Tuesday, September 11, 2007

Suharto crushes Time magazine for telling the truth?

We all know the canard about the propensity of bad things to happen to good people. Well, thanks to fate's eternal perversions, good things often seem to happen to perfectly terrible people, even deposed dictators. Case in point, former Indonesian dictator Suharto will be probably be $100 million richer than he already was because a magazine actually printed the truth.

Time magazine's Indonesian edition lost a $106 million defamation lawsuit by the family of the former dictator for alleging, perfectly truthfully, that the former dictator had embezzled an enormous fortune during his 32 year dictatorship. A spokesman for the Indonesian Supreme Court, which rendered the verdict, declared "the article and photographs hurt the image and pride of the plaintiff as a great retired army general and the former Indonesian president."

Which might be true, but the Indonesian government is seeking to recoup with one hand what it is trying to confiscate from Time with the other. Suharto himself has been charged with a number of crimes related to his record breaking kleptocracy, but the frail 86 year old has kept himself out of criminal court by pleading that he's too ill to stand trial. This excuse will not, apparently, grant him immunity from a civil suit by the government which seeks to recover $440 million in embezzled funds, and a further billion dollars in damages.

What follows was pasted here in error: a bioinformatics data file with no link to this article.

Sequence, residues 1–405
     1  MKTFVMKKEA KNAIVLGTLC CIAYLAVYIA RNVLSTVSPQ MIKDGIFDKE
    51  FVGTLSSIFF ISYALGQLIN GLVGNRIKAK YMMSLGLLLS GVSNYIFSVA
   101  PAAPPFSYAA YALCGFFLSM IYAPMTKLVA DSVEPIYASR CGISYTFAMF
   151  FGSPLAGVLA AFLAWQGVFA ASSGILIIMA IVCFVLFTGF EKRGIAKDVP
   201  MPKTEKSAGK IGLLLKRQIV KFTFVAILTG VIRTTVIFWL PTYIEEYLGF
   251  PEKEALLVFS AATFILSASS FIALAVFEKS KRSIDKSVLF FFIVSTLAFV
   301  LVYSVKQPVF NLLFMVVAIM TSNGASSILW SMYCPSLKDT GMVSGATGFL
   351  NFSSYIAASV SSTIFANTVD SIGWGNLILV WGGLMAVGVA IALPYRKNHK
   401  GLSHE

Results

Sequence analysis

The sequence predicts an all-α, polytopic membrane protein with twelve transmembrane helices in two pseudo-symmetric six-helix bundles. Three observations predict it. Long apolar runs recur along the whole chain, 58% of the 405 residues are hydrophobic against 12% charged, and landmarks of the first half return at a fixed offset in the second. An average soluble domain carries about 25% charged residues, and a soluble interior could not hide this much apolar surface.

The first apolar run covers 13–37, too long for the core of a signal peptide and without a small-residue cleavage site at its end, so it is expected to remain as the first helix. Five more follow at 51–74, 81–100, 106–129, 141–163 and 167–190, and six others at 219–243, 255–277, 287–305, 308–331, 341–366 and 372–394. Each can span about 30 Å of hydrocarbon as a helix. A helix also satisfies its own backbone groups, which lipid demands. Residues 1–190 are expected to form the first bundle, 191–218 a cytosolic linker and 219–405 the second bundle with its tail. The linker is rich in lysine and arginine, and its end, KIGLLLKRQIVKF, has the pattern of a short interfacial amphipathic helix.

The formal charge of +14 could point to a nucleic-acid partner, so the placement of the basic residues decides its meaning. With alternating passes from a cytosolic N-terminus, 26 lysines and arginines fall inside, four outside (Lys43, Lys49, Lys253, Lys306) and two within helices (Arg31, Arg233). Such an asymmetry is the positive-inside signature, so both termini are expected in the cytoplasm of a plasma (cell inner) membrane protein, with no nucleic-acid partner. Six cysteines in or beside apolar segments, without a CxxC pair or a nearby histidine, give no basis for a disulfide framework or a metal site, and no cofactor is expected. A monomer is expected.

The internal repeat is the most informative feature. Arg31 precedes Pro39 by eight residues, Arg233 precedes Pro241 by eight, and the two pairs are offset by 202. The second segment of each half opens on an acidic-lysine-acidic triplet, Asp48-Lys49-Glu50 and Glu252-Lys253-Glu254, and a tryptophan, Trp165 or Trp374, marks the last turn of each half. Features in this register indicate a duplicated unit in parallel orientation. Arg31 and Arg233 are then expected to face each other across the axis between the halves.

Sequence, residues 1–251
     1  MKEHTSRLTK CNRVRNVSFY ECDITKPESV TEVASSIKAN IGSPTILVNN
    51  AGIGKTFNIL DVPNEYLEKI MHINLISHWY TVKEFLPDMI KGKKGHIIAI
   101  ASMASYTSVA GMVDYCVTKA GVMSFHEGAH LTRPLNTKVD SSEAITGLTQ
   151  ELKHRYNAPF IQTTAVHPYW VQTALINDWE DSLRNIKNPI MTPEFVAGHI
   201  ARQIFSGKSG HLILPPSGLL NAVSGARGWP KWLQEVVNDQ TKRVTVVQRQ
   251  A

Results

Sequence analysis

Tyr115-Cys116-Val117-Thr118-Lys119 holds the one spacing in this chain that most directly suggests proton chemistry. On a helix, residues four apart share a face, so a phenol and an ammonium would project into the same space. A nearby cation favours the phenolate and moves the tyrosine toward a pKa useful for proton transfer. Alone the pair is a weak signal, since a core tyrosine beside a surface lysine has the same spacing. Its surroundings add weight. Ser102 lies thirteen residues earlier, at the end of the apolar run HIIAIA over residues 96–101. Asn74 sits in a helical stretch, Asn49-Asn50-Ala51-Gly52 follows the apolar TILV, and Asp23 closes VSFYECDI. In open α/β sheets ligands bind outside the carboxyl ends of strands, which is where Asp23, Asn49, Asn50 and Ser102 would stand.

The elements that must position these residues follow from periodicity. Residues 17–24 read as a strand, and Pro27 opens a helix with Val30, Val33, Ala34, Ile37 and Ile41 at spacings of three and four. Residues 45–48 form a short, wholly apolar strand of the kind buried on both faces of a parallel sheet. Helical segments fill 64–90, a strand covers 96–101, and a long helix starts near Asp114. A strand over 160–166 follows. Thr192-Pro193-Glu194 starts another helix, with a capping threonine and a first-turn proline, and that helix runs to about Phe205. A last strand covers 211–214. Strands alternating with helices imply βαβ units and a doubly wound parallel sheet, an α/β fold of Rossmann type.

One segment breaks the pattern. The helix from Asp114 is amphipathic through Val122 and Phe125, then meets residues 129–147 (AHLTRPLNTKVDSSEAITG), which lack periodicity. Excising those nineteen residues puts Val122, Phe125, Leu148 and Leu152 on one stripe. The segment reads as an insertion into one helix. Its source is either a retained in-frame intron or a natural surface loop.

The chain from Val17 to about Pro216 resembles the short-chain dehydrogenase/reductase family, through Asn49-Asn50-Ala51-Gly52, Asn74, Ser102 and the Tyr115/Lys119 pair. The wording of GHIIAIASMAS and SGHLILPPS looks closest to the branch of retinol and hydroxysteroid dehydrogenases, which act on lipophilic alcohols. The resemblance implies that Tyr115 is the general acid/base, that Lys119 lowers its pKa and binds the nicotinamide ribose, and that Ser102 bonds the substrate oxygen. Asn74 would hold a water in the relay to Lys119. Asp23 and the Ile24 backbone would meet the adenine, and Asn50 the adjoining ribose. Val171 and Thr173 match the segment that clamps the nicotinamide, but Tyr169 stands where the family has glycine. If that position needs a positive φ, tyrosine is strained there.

It is also worth noting that the Indonesian government, while ostensibly democratic since Suharto was overthrown, is still governed by and large by Suharto's former cronies. Their attempt to recoup stolen money is one thing, but it also tends to explain why Suharto hasn't been charged with offenses relating to the massacres that gained him so much notoriety. After all, the civil suit is simply business, but charging the old man with murder? Not on your life. Since the defamation lawsuit verdict was delivered by the Supreme Court, it's unclear what Time can do to contest the verdict at this point. With any luck, the government will win their case, or Suharto will finally kick the bucked, and his embarrassed family will simply decline to press for the award money.

Or not. Congratulations then, Suharto, on adding another $100 million bucks to your stash of ill gotten loot. It's almost a shame you'll be dropping dead before you can treat us to yet another outrage of this sort. Almost.

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